https://www.nasa.gov/topics/earth/features/2012-poleReversal.html
     
  12. May 25, 2018 #32
    From my astronomy 101 class I learned that much like the sun, the magnetic lines get tangled and break causing the pole swap and that we experience it at a far slower rate than the sun.
     
  13. May 25, 2018 #33

    TeethWhitener

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    Get in a rocket ship and fly west at greater than the Earth's rotation rate. Eventually you'll catch up with the sun.

    Edit: alternately, wait till sunset and go up a tall elevator. The sun will rise again over the western horizon.
     
  14. May 25, 2018 #34

    JMz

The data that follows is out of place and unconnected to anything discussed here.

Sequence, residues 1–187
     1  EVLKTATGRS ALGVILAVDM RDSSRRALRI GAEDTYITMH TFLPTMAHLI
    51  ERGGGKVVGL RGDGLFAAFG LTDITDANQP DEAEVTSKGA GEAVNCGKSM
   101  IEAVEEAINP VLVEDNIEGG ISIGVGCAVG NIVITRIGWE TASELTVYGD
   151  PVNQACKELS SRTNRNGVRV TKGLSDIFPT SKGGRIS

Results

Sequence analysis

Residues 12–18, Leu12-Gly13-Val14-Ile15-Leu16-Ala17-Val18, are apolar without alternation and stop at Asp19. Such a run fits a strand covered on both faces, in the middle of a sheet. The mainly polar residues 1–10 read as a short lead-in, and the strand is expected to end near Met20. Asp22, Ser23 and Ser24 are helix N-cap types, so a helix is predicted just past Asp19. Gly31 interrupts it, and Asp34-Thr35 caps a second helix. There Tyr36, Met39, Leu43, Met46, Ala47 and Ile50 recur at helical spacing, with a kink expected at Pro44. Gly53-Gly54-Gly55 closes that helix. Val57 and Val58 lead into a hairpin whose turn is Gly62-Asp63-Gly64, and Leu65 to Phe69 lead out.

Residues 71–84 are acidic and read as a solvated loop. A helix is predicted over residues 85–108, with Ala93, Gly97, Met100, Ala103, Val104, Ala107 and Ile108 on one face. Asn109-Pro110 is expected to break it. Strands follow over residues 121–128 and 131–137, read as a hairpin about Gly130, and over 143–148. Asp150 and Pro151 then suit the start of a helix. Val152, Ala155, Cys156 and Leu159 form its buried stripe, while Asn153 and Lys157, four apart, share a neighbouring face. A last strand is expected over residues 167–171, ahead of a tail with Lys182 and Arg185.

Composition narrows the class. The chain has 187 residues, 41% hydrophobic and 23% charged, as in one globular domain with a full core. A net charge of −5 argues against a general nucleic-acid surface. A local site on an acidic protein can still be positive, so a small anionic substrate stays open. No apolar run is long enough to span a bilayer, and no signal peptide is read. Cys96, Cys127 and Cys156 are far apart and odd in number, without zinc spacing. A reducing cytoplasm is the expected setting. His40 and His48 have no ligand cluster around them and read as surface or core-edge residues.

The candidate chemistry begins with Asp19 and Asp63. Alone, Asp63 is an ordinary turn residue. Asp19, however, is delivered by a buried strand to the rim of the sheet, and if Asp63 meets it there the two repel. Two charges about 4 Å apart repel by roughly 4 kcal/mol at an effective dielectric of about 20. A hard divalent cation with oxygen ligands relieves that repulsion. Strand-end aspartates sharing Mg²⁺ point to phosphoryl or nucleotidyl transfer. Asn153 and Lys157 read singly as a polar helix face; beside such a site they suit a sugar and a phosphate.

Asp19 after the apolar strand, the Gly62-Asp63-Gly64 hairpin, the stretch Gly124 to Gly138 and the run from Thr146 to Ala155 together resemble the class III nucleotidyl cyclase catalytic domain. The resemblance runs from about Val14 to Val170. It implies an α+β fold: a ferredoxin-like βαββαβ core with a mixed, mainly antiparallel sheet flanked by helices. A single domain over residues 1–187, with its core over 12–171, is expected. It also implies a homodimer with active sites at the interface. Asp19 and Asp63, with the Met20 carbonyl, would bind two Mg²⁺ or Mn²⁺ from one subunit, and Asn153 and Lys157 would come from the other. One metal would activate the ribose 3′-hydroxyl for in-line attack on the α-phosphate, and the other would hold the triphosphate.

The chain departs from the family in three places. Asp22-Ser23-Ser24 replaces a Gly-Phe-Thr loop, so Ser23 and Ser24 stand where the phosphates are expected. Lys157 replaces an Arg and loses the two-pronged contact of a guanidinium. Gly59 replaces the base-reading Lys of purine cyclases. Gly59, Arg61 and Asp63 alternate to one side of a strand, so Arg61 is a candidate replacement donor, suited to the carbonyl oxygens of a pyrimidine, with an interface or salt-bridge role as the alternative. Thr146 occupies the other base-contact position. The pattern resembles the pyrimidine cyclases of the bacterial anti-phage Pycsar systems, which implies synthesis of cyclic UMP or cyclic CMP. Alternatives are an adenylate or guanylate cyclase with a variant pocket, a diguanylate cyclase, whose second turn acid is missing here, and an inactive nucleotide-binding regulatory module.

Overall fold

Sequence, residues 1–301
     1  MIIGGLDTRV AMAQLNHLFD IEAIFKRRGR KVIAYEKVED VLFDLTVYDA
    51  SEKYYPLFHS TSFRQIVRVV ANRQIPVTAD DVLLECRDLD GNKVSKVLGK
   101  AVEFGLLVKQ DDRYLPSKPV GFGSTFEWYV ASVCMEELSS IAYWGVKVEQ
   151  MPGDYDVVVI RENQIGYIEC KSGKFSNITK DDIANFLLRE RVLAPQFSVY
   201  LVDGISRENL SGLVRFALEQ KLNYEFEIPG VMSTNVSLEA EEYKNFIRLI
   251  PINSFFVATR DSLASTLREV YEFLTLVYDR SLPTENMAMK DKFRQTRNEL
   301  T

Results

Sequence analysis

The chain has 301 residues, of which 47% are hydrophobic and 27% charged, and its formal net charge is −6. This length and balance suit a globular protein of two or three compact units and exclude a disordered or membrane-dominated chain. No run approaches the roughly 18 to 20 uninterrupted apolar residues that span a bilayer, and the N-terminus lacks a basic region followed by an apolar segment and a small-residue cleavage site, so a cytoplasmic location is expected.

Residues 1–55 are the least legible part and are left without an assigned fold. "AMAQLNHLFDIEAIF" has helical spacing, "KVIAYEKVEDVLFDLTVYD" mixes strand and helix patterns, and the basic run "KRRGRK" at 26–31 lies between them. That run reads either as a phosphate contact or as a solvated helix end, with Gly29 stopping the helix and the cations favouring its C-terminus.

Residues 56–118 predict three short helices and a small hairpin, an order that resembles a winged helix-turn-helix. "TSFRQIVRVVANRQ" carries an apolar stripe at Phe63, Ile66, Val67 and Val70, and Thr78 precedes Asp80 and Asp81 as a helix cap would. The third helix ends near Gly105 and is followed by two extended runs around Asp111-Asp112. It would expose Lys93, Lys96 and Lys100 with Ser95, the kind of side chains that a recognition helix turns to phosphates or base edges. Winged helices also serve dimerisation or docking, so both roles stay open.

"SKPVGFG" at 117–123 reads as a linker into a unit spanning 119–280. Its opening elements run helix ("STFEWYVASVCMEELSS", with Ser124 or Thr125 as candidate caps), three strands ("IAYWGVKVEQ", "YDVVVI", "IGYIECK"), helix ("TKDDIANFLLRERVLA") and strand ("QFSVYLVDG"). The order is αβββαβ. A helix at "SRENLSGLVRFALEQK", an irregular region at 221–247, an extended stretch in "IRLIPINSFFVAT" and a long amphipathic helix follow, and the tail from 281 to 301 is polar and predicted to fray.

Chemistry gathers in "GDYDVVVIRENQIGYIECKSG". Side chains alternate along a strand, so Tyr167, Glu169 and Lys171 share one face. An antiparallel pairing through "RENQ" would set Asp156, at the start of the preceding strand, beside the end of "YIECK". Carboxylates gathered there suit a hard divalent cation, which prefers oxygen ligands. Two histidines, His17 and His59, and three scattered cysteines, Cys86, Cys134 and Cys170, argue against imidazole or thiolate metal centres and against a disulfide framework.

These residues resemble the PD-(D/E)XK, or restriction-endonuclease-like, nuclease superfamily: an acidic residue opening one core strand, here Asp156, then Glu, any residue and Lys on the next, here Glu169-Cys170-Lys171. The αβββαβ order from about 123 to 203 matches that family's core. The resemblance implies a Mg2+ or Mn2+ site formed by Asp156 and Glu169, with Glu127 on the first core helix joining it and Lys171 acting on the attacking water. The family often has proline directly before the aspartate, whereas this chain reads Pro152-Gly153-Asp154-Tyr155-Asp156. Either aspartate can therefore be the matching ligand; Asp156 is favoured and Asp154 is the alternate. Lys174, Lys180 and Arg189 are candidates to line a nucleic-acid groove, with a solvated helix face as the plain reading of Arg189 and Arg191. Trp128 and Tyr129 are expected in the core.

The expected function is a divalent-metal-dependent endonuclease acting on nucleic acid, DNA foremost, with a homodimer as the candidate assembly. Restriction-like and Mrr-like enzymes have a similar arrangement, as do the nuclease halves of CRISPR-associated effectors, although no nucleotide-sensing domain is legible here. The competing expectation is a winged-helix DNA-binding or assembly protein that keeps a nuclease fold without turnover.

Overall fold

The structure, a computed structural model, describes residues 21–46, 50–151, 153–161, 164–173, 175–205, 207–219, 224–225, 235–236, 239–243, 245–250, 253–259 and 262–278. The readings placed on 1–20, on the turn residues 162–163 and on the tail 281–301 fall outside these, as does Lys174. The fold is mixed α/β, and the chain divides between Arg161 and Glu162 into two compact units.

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    To return to this point: (1) This is 35 arcminutes, or about 4 (temporal) minutes of Earth rotation. (2) Doubling this effect would require increasing the atmospheric density by ~40% [I think, or maybe ~ 100%?] in those 4 minutes of time.

    If you see such an effect, it can't be caused by weather. Extreme storms cause atmospheric density to change by ~ 10% over a few hours. So it's presumably caused by a dinosaur-extinction meteoric event.

    The corresponding overpressure will travel at somewhat more than the speed of sound (~1000 km/hr), which is just about the Earth's linear rotation speed at mid-latitudes. So it will reach you in less than 4 minutes, and you will die before the second sunset finishes. I hope it's a beautiful one, at least.
     
  15. May 25, 2018 #35

    stefan r